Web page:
• Ryan Himes

Biden's Efficient Covid Plan

Biden's proposed stimulus bill will increase government spending on COVID tests from $8.6 billion to $160 billion. He's also adding a stimulus check for $1,400, added unemployment benefits of $400/week, and grants for businesses. With all of this increased spending, the total cost of the bill went down from $2.3 trillion under Trump to $1.9 trillion.

How does total spending go down when all covid-related spending went up? Specifically what did we as taxpayers pay for in the previous bill that we aren't paying for in this one?

Biden also claims to be able to administer 100 million Covid-19 vaccinations in his first 100 days as President. The vaccine rollout to date has been a logistical nightmare. Essentially, the federal government has provided the vaccine to the states and allowed the state governments to make their own arrangements regarding which hospitals would receive how many doses and who could receive them. The result has been an incredibly slow rate of vaccination.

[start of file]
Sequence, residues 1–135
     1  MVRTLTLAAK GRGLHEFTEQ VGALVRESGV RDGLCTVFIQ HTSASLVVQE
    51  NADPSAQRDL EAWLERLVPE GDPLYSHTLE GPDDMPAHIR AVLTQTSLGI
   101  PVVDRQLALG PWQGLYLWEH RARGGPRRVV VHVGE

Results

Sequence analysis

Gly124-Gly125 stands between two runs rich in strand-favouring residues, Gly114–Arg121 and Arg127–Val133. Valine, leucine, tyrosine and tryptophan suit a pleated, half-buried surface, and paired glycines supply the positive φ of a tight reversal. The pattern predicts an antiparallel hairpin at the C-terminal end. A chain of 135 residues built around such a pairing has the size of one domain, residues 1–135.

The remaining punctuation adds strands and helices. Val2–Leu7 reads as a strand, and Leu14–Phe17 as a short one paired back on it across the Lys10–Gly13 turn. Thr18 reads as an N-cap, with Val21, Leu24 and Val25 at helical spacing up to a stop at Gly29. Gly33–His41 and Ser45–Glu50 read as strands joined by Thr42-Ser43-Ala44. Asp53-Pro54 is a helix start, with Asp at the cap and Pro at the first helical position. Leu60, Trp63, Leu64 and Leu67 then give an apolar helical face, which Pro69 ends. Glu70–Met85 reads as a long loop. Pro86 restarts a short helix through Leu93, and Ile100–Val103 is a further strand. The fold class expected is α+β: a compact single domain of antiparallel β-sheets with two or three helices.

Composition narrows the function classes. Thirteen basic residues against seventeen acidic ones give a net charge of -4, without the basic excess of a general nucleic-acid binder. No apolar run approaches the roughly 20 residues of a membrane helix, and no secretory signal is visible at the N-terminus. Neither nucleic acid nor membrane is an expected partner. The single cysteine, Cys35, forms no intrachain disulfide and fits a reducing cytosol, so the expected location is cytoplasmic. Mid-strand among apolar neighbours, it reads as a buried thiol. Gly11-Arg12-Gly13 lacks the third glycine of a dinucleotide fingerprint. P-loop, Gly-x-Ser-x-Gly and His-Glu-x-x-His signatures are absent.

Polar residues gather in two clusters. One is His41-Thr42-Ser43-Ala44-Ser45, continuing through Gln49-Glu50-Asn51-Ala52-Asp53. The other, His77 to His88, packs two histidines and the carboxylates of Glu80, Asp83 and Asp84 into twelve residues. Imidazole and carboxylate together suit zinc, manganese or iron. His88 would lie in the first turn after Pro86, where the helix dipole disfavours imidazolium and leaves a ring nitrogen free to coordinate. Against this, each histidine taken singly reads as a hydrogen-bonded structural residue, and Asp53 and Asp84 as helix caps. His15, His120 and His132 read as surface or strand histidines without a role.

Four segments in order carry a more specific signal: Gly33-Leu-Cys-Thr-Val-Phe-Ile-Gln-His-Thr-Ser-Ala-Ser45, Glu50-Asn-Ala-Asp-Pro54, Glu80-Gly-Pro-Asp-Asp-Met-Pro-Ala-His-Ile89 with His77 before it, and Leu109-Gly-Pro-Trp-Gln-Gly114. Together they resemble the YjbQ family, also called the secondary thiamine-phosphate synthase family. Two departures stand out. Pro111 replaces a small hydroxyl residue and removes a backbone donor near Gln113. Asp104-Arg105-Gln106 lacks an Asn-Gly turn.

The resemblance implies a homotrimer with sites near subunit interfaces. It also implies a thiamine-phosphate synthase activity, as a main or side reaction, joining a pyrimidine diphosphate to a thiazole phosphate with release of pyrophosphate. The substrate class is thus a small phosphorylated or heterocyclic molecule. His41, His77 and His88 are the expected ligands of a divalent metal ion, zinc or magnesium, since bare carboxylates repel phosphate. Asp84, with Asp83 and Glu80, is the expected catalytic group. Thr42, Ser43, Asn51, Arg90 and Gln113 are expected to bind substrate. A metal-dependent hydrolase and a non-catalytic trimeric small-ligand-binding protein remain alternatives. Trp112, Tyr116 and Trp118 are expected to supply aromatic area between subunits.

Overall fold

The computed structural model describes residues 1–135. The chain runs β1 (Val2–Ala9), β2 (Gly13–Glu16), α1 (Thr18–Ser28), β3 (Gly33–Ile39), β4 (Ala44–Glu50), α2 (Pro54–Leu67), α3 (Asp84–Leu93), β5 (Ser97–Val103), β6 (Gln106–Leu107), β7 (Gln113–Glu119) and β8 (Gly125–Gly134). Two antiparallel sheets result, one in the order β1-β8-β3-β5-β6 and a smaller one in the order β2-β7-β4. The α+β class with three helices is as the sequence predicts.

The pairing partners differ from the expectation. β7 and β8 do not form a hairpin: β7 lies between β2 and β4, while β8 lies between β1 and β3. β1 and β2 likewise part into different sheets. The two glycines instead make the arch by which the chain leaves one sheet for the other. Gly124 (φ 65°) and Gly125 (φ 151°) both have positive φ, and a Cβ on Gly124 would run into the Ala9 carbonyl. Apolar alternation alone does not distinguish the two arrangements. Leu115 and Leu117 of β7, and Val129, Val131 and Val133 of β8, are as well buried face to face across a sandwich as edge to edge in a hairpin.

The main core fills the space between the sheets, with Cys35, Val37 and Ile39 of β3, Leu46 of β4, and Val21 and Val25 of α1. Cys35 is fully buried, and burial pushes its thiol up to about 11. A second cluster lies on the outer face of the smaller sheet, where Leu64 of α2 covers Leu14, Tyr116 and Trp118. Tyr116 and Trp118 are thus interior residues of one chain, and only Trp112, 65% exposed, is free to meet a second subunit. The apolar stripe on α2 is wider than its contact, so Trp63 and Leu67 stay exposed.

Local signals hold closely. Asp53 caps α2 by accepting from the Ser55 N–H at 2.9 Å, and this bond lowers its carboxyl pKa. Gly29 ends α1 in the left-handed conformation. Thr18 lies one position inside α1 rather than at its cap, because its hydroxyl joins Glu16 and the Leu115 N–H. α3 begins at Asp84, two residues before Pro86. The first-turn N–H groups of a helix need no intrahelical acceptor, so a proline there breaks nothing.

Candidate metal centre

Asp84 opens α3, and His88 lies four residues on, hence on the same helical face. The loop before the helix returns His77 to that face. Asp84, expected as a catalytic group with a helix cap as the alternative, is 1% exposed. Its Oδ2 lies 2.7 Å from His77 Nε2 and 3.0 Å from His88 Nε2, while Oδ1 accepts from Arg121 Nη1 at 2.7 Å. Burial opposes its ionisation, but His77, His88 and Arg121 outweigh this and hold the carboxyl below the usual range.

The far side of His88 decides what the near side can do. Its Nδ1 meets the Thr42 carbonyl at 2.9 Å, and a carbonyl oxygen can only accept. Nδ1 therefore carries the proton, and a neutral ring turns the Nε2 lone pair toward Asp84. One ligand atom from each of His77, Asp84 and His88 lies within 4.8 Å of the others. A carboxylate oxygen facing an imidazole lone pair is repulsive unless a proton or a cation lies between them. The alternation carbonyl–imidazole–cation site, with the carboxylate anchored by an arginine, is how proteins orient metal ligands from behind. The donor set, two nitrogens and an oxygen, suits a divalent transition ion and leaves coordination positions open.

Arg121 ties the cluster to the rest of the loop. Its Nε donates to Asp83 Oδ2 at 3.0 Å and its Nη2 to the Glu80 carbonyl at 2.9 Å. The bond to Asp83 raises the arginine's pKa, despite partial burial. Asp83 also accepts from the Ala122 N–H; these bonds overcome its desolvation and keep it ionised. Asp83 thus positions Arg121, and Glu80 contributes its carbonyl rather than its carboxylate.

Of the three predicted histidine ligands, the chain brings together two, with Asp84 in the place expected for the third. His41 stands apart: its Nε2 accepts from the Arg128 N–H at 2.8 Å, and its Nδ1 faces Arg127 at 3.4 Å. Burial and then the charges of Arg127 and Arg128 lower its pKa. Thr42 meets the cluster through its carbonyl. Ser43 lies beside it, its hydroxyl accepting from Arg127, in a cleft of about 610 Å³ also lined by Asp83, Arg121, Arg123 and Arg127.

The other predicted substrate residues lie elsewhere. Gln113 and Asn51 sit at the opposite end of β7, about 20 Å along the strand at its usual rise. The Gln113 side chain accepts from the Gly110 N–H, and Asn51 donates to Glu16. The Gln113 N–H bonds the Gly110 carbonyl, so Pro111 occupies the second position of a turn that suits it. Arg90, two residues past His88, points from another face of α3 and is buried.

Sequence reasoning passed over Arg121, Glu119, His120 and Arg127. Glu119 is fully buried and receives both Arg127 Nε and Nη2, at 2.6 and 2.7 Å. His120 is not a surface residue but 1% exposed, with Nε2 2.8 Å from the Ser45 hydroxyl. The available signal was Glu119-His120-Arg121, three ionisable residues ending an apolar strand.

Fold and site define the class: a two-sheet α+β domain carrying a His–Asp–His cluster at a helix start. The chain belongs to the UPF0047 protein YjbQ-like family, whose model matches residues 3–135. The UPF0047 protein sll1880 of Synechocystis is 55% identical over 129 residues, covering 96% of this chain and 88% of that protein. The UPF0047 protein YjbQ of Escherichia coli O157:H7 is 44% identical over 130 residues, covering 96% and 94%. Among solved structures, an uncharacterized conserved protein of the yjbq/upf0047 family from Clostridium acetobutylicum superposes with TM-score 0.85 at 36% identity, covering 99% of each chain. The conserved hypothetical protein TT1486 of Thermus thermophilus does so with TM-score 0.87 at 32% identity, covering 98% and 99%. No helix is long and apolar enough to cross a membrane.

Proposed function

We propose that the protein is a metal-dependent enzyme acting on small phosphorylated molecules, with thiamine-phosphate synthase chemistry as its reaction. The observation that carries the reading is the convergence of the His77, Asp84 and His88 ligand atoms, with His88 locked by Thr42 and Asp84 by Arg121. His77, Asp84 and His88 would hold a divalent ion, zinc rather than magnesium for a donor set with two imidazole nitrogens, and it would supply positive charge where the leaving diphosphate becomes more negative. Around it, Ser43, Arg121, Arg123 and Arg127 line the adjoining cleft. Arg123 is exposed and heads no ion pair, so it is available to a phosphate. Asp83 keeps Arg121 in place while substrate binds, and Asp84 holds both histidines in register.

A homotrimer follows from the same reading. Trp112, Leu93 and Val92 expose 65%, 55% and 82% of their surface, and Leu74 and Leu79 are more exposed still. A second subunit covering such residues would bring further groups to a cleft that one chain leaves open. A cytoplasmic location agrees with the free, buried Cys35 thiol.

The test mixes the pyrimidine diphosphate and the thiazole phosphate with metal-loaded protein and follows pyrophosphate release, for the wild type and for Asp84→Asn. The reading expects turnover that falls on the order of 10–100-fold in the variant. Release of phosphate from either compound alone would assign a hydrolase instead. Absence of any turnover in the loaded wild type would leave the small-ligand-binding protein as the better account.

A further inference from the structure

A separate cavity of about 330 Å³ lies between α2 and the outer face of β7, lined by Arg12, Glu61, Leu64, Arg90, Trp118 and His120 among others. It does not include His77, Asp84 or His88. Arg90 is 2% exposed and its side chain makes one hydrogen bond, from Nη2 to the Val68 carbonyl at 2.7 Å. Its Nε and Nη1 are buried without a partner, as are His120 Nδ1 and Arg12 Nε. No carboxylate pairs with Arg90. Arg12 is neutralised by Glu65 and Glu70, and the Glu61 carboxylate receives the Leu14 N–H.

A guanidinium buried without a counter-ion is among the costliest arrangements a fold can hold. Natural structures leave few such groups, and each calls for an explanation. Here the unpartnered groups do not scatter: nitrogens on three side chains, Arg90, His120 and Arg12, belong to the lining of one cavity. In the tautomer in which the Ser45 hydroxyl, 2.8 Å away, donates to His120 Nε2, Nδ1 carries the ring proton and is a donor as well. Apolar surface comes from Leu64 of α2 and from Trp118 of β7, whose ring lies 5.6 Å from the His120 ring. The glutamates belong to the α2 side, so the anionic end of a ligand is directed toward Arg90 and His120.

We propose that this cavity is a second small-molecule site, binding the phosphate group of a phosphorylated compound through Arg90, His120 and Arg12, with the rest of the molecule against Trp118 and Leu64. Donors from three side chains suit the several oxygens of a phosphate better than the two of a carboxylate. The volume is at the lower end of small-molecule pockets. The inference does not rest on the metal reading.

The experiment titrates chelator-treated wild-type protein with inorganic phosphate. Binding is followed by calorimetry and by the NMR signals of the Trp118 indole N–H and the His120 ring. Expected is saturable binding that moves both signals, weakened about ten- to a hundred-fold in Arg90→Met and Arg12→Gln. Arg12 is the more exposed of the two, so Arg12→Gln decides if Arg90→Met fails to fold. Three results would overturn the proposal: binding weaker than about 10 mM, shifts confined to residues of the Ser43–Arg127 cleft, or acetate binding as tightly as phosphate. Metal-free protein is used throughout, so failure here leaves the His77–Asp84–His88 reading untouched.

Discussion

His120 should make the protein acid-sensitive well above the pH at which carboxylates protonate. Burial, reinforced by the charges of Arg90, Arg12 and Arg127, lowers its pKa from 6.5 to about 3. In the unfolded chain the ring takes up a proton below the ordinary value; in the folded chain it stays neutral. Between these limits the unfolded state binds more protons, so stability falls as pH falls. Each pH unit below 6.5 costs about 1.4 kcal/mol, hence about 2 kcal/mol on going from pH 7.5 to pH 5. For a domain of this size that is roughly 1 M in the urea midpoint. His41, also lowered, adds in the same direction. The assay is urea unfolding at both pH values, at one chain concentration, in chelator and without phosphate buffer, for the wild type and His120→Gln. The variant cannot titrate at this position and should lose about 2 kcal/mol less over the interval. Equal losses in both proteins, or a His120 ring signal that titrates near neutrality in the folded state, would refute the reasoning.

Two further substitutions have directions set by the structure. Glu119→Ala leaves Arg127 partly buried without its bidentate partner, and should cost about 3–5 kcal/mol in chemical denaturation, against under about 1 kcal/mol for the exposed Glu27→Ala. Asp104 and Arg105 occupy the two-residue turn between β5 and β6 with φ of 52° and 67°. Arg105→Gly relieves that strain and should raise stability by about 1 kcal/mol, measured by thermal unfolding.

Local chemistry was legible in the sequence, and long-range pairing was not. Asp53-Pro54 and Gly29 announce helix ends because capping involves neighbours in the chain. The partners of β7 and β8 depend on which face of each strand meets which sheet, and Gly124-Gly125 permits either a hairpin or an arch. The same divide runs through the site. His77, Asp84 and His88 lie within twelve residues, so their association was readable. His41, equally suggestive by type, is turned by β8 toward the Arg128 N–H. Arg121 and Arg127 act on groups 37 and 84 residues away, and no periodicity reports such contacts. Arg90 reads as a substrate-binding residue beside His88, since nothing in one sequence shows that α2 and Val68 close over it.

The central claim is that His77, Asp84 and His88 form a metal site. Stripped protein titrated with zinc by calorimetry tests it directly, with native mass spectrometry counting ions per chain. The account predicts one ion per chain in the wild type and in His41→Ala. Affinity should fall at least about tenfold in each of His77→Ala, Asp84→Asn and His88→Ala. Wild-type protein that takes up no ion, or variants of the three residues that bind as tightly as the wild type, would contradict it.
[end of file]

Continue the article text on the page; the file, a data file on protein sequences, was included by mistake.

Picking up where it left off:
This comes at a crucial time as other Covid variants are being discovered all around the world. The financial markets are in an unprecedentedly vulnerable position with the massive amount of debt and inflated money supply. The endless monetary stimulus from the Federal Reserve is acting as backstop to prevent a market collapse, because the true value of most businesses is dreadfully low, yet the stock markets tell a different story as they peak all-time highs.

A slower vaccination rollout could cause a national shutdown if the new strains of Covid cause higher hospitalizations. A national shutdown would be devastating to the real economy in a way that would inevitably ripple into the financial markets. A recession is certainly in our future, perhaps even a depression. The bigger we allow the bubble to grow, the longer it will hurt our economy when the bubble pops.